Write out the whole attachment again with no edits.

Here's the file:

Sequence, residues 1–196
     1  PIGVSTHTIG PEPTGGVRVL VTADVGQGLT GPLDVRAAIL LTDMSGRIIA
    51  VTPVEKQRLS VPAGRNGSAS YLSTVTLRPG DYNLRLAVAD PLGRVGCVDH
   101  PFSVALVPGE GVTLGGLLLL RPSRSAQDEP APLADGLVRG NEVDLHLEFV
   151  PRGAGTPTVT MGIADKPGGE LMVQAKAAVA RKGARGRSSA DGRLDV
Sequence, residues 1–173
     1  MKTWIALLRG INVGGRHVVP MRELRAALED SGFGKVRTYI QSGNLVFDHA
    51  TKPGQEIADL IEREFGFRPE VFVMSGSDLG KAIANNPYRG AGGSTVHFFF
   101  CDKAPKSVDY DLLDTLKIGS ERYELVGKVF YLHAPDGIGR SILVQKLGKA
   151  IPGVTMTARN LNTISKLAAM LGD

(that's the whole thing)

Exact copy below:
Sequence, residues 1–196
     1  PIGVSTHTIG PEPTGGVRVL VTADVGQGLT GPLDVRAAIL LTDMSGRIIA
    51  VTPVEKQRLS VPAGRNGSAS YLSTVTLRPG DYNLRLAVAD PLGRVGCVDH
   101  PFSVALVPGE GVTLGGLLLL RPSRSAQDEP APLADGLVRG NEVDLHLEFV
   151  PRGAGTPTVT MGIADKPGGE LMVQAKAAVA RKGARGRSSA DGRLDV
Sequence, residues 1–173
     1  MKTWIALLRG INVGGRHVVP MRELRAALED SGFGKVRTYI QSGNLVFDHA
    51  TKPGQEIADL IEREFGFRPE VFVMSGSDLG KAIANNPYRG AGGSTVHFFF
   101  CDKAPKSVDY DLLDTLKIGS ERYELVGKVF YLHAPDGIGR SILVQKLGKA
   151  IPGVTMTARN LNTISKLAAM LGD